1801 26th Road, Astoria NY 11102 (on 18th Street; map); 718-777-3628
Pizza style: Focaccia pizza (and regular New York slices)
Oven type: Typical gas-fired deck oven
Price: $2.25 plain focaccia slice; $6 mini focaccia pizzas
It's the kind of find every slice seeker hopes to unearth. That weird, out-of-the-way place little heralded by the blogs, the food media, the pizza bloviators. On the face of things, Lorusso Gourmet Pizza & Focaccia showed promise as a hidden gem—some local press clippings declaring it one of Queens' best; some glowing reviews on Yelp and Foursquare*; and a quirky location in Old Astoria, an enclave that once served as a resort area for Manhattan fat cats.
Pizza comes first in this establishment's name, but it is the focaccia that draws raves—along with Lorusso's focaccia-based pies. So was this place all it was cracked up to be?
* OK, yeah, I know you have to take these last two sources with a grain of salt, but I think they can sometimes be a decent indicator of potential, as they were in Lorusso's case.
Owner Mario Lurusso makes a number of different focaccia pizzas, all on a delicious base of soft yet sturdy ... bread. Yes, I don't know if you could call this a "crust." It's not crusty. It's moist, rich with olive oil, just enough herbs topping the plain version, along with a sprinkling of salt. I tried both plain and cheese-topped versions, and the plain ($2.75) was clearly the standout.
"Nothing beats the plain," Mr. Lorussso said. "It's even better cold. That's when the olive oil starts to come out."
Mr. Lorusso keeps a couple of large, 18-inch focaccia slice pies on hand. A spread of personal-size focaccia pizzas (from $6 each) spans the top shelf of a glass display case, the edge of each one lying just slightly atop its neighbor, like a line of fallen dominos. The variety of topping combinations is enough to paralyze you with choice.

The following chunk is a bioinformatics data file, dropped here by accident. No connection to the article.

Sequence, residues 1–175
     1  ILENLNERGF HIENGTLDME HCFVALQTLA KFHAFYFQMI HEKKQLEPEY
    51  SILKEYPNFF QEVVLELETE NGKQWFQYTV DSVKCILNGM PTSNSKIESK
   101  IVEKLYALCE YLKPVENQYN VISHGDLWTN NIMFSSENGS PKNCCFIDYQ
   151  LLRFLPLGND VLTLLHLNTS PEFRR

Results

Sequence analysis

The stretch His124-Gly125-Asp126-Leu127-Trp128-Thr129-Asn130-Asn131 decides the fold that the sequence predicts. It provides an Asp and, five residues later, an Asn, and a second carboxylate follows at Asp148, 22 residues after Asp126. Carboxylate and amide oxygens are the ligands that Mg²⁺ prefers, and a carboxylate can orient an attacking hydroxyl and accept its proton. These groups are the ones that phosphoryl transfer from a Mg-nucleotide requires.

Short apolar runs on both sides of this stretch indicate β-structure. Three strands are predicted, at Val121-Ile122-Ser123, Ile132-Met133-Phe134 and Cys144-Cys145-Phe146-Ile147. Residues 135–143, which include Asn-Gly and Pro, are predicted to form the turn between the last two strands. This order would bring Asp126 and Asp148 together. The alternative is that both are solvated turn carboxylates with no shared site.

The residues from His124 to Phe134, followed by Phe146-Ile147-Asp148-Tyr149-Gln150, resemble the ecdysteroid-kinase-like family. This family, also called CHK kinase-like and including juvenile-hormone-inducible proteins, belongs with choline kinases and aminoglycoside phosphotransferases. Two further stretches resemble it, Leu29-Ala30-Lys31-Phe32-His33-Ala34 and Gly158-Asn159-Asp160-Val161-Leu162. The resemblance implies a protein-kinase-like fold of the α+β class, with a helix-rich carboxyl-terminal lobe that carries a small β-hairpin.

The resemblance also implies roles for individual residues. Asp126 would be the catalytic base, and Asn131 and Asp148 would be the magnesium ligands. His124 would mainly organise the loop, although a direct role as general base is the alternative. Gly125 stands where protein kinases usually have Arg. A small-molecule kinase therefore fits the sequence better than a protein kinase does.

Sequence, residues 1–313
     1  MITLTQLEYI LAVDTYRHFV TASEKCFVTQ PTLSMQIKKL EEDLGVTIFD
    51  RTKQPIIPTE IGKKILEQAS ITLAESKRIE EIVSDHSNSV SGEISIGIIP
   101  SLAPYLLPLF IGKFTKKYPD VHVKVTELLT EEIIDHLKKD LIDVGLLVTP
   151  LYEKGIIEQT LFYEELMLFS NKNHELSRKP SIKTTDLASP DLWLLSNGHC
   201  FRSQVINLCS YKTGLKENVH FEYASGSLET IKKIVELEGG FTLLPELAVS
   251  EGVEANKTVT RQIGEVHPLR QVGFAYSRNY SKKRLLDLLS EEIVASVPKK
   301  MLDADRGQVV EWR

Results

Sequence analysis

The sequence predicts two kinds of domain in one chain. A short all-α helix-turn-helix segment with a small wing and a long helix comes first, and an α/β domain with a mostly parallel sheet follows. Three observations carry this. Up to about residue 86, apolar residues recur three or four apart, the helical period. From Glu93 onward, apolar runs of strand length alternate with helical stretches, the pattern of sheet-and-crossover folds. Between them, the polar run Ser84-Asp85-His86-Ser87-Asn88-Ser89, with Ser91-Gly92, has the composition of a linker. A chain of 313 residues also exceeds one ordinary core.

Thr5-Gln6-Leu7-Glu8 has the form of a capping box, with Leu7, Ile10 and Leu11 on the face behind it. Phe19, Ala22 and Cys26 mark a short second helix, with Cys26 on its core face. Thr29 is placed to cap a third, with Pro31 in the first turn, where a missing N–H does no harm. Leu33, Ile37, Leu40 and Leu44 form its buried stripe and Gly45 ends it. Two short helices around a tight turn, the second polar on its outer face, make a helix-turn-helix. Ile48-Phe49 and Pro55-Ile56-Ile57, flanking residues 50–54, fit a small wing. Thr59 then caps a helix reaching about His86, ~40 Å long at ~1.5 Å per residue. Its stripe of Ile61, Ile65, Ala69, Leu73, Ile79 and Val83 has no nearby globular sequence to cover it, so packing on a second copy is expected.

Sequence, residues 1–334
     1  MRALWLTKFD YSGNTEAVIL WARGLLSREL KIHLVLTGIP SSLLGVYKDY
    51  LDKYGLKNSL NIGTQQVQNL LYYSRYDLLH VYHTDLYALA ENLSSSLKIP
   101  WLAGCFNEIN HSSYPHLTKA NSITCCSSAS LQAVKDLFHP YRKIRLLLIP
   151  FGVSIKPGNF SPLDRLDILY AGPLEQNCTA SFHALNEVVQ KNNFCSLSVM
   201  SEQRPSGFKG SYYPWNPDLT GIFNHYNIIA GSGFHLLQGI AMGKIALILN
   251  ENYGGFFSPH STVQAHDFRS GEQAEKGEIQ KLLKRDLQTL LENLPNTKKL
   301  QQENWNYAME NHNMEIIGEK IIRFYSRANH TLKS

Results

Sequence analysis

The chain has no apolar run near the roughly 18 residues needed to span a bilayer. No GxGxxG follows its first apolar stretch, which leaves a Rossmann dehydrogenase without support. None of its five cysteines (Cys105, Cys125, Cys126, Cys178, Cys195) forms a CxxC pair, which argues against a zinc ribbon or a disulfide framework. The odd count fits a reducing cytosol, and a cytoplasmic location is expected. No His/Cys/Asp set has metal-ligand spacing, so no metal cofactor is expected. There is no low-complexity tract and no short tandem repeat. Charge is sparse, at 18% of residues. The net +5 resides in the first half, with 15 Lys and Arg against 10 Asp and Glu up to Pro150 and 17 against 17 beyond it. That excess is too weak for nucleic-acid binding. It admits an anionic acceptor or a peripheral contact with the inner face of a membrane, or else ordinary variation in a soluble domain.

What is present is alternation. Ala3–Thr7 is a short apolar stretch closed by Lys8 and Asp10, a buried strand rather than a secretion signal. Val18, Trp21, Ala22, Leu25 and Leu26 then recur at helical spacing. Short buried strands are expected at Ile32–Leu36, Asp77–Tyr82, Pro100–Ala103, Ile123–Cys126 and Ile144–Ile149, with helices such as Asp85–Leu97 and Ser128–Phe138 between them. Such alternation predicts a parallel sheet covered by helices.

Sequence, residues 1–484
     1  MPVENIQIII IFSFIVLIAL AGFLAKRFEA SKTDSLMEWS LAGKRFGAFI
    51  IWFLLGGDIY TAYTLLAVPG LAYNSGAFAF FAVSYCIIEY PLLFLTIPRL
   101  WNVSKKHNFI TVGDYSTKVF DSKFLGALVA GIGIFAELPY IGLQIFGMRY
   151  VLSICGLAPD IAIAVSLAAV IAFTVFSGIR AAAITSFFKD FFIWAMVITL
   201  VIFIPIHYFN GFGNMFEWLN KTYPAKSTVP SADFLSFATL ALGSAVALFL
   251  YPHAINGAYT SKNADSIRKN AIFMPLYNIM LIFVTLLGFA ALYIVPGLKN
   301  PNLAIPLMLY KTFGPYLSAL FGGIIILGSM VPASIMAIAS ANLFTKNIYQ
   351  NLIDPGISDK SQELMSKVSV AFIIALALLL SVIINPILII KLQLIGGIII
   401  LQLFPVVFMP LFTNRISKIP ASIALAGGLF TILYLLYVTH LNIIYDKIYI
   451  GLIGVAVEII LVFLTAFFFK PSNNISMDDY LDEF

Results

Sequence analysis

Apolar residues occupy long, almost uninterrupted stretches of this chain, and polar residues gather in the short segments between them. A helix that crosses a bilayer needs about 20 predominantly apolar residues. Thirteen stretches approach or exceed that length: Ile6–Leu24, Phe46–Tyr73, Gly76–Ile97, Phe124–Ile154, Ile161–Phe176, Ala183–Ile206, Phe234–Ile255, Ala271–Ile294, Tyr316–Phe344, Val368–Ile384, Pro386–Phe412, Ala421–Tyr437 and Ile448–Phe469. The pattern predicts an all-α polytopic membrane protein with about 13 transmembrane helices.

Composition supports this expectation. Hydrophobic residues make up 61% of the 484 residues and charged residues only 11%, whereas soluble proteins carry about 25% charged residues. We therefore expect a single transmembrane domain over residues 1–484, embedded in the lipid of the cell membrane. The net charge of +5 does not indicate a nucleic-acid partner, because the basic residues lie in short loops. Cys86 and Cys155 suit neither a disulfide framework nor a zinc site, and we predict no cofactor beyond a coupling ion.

"Almost all of them have balsamic on them," said Mr. Lorusso, who recommended we try the simple fresh mozzarella and tomato pie.
Think of this as a really good version of personal pan pizza. Pizza Hut, take note!
The more you top a Lorusso focaccia pizza, however, the less its essential elements shine. The sausage and pepper pie was good in the way quality sausage and peppers are, but at that point, you start to wonder why you're eating them on a focaccia base. At this point, it's almost like a sandwich that got a little confused and ended up with the fillings on top.
Which is actually not a bad idea. Mr. Lorusso recommends using his day-old focaccia as sandwich bread. If you do that, though, just make sure you slice the bread in half laterally and stick your fillings inside.
In the end, Lorusso is a great find.* I wouldn't go so far as to say that it's going to draw pizza- or bread-heads from outside the borough or even the neighborhood, but if you're live in, near, or are looking to explore this part of Astoria, you owe it to yourself to make the detour here.
* Not that it wasn't already "found."